The Corner

Immigration

Immigration and the ‘Hypocrisy’ Charge

White House senior adviser Stephen Miller listens as President Donald Trump holds a cabinet meeting at the White House in Washington, D.C., July 18, 2018. (Leah Millis/Reuters)

In an essay for Politico, David S. Glosser launches into a sharp-tongued critique of the immigration views of Stephen Miller, who is both his nephew and a top Trump aide. With a headline calling Miller a “hypocrite” on immigration, Glosser’s essay tells the rags-to-riches story of Miller’s own ancestors, who arrived in the U.S. as poor Jewish immigrants but ended up owning a number of supermarkets and department stores. This inspiring family history is meant to disqualify Miller’s skepticism of chain migration and current refugee programs.

We see this accusation of “hypocrisy” on immigration a lot. It’s been trotted out against Miller, President Trump, and others. So perhaps it’s worth spending a few minutes looking at the limits of the “hypocrisy” charge.

First of all, the current immigration system would also have excluded the ancestors of many Americans. Family preferences constitute the bulk of new immigrants to the United States; these preferences would have excluded past immigrants who had no family connections in the United States when they first immigrated. This is one of the major reasons why accusations of “hypocrisy” on immigration are not a particularly compelling argument against shifting to a skills-based immigration system. Skills-based migration would exclude many would-be immigrants, but so does our current immigration system.

The “hypocrisy” argument falls short on other grounds, too. Saying that you can’t support changing a policy that benefited your ancestors (or even you) would create a bizarre paralysis in political debates. The robber barons of the Gilded Age benefited from a relative lack of inheritance, income, and capital-gains taxes. Does that mean that Vanderbilt and Rockefeller scions can’t support any of those taxes? What about the people who work at the schools, libraries, and other organizations that industrial magnates donated to — are they allowed to support a taxation system that would have shredded the mega-fortunes upon which their institutions relied? Similar arguments could be applied to other policies. The ancestors of some Americans enjoyed higher wages due to the protective tariff, so can they support cutting tariffs? Should someone who benefited from coal technology block the development of other energy sources?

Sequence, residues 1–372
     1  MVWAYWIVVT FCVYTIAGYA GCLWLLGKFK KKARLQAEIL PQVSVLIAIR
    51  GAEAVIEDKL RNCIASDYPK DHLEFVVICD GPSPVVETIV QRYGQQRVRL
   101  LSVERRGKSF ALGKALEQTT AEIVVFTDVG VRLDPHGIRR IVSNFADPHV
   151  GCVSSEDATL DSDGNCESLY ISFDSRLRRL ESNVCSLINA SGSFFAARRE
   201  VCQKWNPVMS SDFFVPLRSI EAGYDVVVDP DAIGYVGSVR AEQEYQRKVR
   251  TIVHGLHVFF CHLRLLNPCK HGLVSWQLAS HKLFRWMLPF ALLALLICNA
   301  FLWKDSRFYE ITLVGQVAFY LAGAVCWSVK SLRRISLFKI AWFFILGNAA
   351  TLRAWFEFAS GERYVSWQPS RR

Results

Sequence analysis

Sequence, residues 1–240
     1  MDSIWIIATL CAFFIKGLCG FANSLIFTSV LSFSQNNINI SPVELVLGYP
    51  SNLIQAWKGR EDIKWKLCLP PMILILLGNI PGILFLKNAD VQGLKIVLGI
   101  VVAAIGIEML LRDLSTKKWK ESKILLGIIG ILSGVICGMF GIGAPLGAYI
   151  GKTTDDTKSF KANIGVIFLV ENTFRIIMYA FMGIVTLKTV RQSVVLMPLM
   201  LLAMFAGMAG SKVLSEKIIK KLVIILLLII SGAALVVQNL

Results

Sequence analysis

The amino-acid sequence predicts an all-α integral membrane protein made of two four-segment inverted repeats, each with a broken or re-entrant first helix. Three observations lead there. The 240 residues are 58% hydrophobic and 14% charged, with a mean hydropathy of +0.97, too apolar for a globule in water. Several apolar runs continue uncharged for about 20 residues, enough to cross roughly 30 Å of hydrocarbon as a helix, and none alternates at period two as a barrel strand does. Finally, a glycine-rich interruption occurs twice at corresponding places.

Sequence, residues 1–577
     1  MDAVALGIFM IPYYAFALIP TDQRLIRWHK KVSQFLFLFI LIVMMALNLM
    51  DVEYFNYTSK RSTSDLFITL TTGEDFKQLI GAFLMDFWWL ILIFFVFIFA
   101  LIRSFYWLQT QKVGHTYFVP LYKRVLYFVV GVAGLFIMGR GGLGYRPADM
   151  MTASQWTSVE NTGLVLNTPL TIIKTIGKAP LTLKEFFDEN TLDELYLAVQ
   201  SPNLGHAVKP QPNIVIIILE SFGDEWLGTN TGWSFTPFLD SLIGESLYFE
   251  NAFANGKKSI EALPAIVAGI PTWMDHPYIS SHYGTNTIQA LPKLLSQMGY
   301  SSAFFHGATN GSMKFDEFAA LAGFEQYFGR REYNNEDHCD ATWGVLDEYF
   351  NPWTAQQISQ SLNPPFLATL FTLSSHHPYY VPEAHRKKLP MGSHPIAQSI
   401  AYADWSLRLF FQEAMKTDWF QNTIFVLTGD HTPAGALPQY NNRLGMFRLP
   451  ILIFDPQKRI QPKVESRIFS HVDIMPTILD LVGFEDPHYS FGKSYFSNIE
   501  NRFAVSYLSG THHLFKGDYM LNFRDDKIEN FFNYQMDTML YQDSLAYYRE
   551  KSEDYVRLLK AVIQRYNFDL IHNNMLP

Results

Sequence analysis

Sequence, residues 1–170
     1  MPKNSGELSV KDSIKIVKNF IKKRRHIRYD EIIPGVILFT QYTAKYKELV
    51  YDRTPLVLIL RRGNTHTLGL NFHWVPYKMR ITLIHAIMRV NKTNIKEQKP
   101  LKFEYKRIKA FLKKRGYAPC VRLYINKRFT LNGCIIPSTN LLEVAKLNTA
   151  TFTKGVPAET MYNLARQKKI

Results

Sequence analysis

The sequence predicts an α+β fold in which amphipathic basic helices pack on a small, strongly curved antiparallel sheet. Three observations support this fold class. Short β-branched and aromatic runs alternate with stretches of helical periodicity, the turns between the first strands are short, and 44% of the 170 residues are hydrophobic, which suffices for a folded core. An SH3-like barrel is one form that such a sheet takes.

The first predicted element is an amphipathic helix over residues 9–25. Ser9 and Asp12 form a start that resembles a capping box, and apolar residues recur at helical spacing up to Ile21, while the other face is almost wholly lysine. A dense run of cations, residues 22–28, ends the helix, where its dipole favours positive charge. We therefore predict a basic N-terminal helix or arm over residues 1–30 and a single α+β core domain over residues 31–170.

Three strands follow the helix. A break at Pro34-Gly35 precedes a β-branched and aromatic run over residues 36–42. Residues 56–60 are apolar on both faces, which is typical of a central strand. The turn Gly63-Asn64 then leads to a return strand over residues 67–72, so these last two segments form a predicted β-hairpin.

This paralysis points to one of the deepest methodological problems with closing off policy debate through claims of prior benefit. Part of serious politics is about the common good, the achievement of which can sometimes entail personal sacrifices. A soldier goes off to war knowing he might die, but he takes that great personal risk because he thinks that the common good outweighs that danger. Even if a change in regulations or taxation might hurt a voter, that voter might still support those changes because she believes they are best for the nation as a whole. If politics is to be more than self-dealing, policymaking needs to take into account what is in the national interest. (It’s worth noting that claims on behalf of the common good and the national interest do not necessarily oppose claims on behalf of individual liberty; one might believe that defending certain liberties is part of the common good.)

Now, one might argue that Miller’s preferred policy changes are not in the national interest. But the “hypocrisy” charge detracts from this argument.

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